469677 Comparison of Stochastic Fault Detection and Diagnosis Algorithms for Nonlinear Chemical Processes

Wednesday, November 16, 2016: 2:36 PM
Carmel II (Hotel Nikko San Francisco)
Yuncheng Du, Department of Chemical & Biomolecular Engineering, Clarkson University, Potsdam, NY, Hector M. Budman, Chemical Engineering, University of Waterloo, Waterloo, ON, Canada and Thomas A. Duever, Chemical Engineering, University of Waterloo, Institute for Polymer Research, Waterloo, ON, Canada

Early detection of abnormal events and malfunctions defined as faults is of great interest, since faults may affect the product quality and lead to economic losses [1]. If a fault is detectable, the fault detection and diagnosis (FDD) system will provide symptomatic fingerprints, which in turn can be referred back to the FDD scheme to identify the root cause of the anomalous behaviour. Most of the available fault diagnosis algorithms can be broadly classified into three main classes [2, 3]: (i) Analytical methods that are solely based on first principles’ models of process; (ii) Empirical models that use the historical process data; and (iii) Semi-empirical algorithms that combine these aforementioned two classes. Each of these methods has its own advantages and disadvantages depending on the specific problem [4].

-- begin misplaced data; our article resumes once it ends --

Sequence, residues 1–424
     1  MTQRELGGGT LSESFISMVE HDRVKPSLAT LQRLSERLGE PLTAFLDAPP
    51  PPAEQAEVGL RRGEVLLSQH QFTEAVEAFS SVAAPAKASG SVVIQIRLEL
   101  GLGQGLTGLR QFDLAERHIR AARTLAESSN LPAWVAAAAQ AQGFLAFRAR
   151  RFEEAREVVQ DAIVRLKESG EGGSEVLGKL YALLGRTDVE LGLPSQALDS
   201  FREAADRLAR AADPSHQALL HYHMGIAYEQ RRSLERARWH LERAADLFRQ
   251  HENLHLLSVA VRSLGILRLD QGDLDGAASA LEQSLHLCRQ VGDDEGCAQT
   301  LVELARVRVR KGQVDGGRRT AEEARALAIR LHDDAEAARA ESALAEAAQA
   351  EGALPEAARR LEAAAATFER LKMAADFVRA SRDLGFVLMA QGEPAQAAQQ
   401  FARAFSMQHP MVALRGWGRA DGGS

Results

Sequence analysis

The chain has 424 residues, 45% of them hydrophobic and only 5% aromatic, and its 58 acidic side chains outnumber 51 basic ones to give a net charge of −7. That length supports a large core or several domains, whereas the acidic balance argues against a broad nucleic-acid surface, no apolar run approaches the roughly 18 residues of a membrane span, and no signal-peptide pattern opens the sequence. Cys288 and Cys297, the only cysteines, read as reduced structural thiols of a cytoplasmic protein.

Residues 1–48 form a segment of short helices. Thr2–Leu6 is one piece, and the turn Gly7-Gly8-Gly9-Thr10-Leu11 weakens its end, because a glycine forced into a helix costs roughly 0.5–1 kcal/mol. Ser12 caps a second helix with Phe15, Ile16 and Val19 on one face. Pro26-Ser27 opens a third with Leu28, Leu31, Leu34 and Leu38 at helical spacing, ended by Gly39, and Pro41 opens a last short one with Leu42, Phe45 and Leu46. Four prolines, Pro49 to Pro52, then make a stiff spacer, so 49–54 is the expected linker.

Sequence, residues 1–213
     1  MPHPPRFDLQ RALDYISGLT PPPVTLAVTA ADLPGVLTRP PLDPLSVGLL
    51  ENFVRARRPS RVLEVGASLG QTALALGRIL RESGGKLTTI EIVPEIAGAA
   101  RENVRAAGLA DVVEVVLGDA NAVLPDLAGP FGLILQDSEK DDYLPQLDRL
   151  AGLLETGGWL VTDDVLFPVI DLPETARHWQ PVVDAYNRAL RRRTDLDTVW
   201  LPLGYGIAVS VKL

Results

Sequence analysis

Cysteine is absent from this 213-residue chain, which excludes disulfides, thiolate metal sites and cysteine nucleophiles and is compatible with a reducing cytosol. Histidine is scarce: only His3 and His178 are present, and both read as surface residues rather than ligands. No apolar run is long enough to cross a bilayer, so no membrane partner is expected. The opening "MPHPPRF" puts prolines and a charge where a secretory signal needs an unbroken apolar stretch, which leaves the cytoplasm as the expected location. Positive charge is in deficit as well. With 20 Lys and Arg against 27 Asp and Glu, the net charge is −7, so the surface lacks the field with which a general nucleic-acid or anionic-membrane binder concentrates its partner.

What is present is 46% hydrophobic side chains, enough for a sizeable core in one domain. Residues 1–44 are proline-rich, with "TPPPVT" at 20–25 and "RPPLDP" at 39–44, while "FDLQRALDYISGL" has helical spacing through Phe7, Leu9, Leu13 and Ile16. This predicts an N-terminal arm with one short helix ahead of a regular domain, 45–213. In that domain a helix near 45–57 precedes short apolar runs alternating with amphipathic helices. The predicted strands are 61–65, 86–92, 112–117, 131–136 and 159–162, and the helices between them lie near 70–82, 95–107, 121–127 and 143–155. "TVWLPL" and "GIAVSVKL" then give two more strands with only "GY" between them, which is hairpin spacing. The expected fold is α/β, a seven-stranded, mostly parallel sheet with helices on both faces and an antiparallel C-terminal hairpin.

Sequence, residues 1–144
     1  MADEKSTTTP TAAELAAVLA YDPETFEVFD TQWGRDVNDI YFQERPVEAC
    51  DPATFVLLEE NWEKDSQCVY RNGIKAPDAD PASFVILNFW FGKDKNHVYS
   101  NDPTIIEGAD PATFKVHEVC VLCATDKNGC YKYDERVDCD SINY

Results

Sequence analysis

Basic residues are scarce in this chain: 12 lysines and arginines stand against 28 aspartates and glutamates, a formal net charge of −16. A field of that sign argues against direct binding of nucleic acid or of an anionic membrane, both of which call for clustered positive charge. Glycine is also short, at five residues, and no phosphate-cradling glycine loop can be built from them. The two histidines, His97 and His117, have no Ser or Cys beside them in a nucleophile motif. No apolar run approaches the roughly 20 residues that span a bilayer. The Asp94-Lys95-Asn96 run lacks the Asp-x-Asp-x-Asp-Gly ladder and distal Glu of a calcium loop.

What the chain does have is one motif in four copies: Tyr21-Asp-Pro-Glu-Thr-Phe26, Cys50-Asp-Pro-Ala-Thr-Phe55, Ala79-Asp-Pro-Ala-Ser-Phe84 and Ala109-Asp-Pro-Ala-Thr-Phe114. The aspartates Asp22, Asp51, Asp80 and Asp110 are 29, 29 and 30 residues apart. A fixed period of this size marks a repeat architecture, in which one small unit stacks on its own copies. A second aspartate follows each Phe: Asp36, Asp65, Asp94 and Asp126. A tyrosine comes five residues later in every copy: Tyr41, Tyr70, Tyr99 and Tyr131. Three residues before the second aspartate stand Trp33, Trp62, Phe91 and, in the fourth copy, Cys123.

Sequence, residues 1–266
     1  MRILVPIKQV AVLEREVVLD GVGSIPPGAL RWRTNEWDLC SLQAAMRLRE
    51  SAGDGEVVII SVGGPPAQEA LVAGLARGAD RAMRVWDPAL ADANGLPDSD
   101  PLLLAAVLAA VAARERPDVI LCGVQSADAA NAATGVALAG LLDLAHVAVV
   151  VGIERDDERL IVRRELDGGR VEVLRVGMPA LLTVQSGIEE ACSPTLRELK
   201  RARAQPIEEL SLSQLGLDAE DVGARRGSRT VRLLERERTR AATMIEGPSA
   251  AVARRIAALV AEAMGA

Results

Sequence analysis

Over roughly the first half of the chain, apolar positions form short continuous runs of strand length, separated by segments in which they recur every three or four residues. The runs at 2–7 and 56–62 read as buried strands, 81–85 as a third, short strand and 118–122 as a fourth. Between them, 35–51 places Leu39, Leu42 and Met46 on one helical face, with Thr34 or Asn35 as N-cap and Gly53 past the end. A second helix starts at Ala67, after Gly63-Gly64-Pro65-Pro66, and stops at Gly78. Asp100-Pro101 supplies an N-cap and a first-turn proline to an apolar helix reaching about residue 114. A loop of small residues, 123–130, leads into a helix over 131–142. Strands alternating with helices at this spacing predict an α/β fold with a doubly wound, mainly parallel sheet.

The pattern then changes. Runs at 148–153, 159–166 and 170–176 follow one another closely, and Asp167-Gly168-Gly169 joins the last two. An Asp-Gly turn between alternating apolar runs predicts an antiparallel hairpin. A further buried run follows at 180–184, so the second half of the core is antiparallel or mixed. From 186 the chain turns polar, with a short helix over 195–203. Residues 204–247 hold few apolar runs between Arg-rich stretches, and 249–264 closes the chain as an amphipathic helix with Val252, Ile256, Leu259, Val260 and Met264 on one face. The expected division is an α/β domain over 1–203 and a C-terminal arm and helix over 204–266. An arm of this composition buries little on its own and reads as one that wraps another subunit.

In terms of applications, many industrial processes are intrinsically nonlinear systems and they are operated at different operating conditions according to economic considerations [5]. Due to nonlinearity, the performance of linear FDD algorithms reported in literature [6] may be inaccurate and lead to missed detection of faults, since the process model will change from one operating conditions to another. It is critical to develop new methodologies for the detection of faults in the context of nonlinear chemical processes with multiple operating conditions [5].